Home » Health Professionals » General Information » Red and Yellow Flags
We have put together information to keep injured or ill persons informed of what to expect.
Read More »
All employers play a crucial role in the prevention and management of workplace injuries.
Read More »
Information for Psychologists, Occupational Therapists, Nurses, Exercise Physiologists and Doctors.
Read More »
Other key stakeholders are also encouraged to provide Information and comments about issues of relevance .
Read More »
Home » Health Professionals » General Information » Red and Yellow Flags

Red and Yellow Flags


Flags are warning signs of potential barriers to recovery from injury or illness. The two most commonly utilised to identify workers at risk are “Red and Yellow flags”


Red Flags refer to clinical bio-medical features that may indicate serious but relatively uncommon conditions or diseases requiring urgent evaluation. In a discussion paper presented by NSW Workcover Authority: ”Work Related Activity Programs for the Prevention of Long Term Disability in Workers with Musculo-Skeletal Injuries (Non-Red Flag Conditions) Health Provider Guidelines”, red flags were described as conditions that included tumours, infections, fractures and neurological damage. Recommendations are made that immediate notice be taken if an important red flag is present and consideration given to medical intervention. The nominated treating doctor (NTD) should consider or request referral to an appropriate specialist or investigations. “The Red Flags equal physical risk factors”.


Yellow Flags are non-medical barriers to recovery. They may be psychological, or social. The greatest risk for long-term disability relates to yellow flag conditions




Family Barriers

Included weak family support for RTW, over protective partner, partner overly involved in workers injury or management of claim, no support person to talk about problems, over protective significant other.


Attitude and Belief Barriers

Include belief that pain is harmful or indicative of ongoing or further tissue damage and that any activity that leads to an increase in pain is potentially damaging, belief that injured part must be diagnosed and treated first, belief that work or other activity will increase pain and should be avoided, belief that pain is uncontrollable.


Compensation Issues

Negative experiences when notifying injury to employer – such as being discouraged from making claim, employer requests insurer deny claim, lack of early assessment of RTW barriers by insurers, perception of uncaring or inefficient claims/case management, injured workers engages representative to negotiate with employer or representative in circumstances where this would not normally be necessary.


Treatment and Diagnosis

Health professions sanctions disability e.g. a GP continue to certify unfit, health care provider continues to encourages passivity and discourage activity, conflicting diagnosis over injury, health care provider will not communicate with insurer or providers, advice to withdraw from job or work from home.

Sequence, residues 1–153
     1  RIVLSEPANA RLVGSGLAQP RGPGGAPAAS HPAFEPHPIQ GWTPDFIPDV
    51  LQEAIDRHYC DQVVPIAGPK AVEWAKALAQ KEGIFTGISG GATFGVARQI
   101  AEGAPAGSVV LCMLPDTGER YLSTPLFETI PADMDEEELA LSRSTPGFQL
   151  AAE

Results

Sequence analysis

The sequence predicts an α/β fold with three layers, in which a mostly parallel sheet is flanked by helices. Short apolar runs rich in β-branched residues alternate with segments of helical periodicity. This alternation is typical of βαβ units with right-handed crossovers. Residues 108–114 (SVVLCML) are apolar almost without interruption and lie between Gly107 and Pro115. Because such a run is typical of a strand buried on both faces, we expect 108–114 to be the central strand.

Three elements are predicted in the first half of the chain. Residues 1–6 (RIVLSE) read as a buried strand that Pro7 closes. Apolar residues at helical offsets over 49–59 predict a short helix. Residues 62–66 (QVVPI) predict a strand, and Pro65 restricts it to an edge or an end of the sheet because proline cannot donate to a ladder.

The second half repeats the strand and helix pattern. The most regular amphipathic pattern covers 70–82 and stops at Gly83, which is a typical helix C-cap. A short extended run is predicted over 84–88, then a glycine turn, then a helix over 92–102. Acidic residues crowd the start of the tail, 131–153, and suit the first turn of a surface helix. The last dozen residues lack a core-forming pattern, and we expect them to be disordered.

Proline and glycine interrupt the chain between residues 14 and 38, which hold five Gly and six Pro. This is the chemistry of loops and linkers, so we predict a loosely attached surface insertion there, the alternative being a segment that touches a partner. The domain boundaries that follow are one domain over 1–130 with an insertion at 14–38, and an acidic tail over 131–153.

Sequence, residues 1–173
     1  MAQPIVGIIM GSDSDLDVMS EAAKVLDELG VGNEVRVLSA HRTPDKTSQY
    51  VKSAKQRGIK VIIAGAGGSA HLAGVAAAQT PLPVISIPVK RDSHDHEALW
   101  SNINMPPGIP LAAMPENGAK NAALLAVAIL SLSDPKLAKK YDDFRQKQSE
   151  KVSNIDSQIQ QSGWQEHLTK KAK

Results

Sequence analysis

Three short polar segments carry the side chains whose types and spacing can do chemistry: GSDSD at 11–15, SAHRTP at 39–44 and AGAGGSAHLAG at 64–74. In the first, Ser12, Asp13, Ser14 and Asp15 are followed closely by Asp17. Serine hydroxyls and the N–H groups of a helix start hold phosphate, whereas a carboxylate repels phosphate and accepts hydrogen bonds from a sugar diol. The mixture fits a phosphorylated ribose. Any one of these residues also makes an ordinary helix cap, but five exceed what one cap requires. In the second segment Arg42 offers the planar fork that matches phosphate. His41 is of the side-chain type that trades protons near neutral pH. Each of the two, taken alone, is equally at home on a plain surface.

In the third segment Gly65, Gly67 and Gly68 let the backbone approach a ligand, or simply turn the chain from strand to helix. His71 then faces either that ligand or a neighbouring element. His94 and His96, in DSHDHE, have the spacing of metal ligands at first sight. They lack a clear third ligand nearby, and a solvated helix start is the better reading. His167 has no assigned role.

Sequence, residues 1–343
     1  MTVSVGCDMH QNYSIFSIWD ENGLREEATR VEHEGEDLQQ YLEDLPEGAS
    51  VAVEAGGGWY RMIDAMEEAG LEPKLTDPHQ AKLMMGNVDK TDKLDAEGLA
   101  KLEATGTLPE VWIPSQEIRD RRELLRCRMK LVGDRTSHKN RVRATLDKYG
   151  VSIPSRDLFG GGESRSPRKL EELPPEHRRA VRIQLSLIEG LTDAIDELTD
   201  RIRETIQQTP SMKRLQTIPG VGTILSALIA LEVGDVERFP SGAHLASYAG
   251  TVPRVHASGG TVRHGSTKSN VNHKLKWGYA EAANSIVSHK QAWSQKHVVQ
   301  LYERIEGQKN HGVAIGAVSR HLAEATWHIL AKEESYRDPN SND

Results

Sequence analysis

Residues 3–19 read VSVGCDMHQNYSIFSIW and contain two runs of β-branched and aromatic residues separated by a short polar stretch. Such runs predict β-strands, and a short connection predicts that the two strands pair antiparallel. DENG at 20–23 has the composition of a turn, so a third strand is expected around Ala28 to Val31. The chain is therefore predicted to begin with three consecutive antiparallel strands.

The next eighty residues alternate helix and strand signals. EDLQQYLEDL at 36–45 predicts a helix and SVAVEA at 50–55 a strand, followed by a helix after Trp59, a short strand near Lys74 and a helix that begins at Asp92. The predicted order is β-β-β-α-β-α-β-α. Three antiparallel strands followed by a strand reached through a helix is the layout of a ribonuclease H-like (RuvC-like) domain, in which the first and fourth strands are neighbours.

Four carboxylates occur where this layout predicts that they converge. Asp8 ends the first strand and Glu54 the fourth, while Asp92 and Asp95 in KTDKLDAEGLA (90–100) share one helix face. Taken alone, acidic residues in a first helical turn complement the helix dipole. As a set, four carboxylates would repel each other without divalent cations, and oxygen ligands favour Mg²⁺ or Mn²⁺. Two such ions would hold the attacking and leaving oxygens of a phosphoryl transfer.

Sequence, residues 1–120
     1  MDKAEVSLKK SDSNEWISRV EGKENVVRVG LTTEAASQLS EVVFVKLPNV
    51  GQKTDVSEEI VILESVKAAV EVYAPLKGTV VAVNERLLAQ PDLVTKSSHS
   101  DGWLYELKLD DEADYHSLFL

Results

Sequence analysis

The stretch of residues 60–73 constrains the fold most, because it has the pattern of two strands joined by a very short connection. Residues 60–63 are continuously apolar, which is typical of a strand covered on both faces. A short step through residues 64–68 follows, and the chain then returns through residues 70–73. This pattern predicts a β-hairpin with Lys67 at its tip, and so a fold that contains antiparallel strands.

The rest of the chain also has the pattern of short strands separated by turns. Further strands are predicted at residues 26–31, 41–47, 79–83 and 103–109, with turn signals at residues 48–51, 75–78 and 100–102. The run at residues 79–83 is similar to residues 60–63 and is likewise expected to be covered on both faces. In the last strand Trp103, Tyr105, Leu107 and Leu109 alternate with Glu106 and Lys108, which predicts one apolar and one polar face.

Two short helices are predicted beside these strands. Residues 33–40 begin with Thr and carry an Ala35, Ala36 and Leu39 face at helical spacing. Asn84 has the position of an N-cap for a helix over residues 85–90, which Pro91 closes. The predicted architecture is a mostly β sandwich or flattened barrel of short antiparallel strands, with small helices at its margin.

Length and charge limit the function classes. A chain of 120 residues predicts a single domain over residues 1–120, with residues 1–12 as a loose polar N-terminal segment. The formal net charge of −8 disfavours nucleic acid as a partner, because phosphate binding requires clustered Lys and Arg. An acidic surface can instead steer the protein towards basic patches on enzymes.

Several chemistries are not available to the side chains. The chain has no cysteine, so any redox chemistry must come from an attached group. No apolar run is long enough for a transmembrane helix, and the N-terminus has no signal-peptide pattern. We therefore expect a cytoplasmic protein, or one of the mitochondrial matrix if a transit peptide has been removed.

Older / Other Occurrences of Injury, Previous Injury

With extended time off work, previous compensatable injury, older worker.


Return to Work Status

Negative attitude to RTW of injured worker, employer or treatment provider; not RTW at 52 weeks predicts very poor RTW rate.



History of manual work in occupations such as construction, farming, forestry and fishing, nursing, truck drivers labourers; work history that includes job dissatisfaction, frequent job changes, poor vocational goals, unsupportive or unhappy work environment, low educational background and economic status, lack of availability to do suitable duties at a work site, employer has no RTW program; job involves shift work and unfriendly family hours.



Depression, fear of increased pain from activity, anxiety, presence of social anxiety, feelings of uselessness and not being needed.



Use of extended rest to cope, reduced Adl’s, History of poor compliance in exercise programs, has not RTW within usual time frames for that injury, reports of high to extreme intensity pain - >8/10, poor sleep quality, high intake of alcohol or other substances since pain.


Screening for Yellow Flags

Treating doctors, other treatment providers, and rehabilitation service providers who are aware of these yellow flag barriers can and should be looking for warning signs whilst assessing or treating their patient. NSW Workcover suggests using the Orebro Musculo-skeletal Screening Questionnaire. Recommendations are made that a score of 105 must be investigated further. A score of 130 or above was cited as accurately predicting 85.7 % of back injury cases that failed to RTW within 6 months.

When yellow flags are identified or suspected the injured worker should be referred for a comprehensive assessment to a psychologist, clinical psychologist, psychiatrist or other suitability qualified professional for assessment. The type of strategy recommended will depend on a number of factors including the level and nature of psycho-social barriers, the time since injury, the injured workers responsiveness to accepting help, and personality factors of the injured worker –e.g. who may or may not be suitable for group programs (see information pain management end injury adjustment and reference below).


For a more complete list of barriers and further information refer to the following Reference, ”Work Related Activity Programs for the Prevention of Long Term Disability in Workers with Musculo-skeletal Injuries (Non-red Flag Conditions) Health Provider Guidelines”


More Information

Useful Information

Member Login

Forget Password?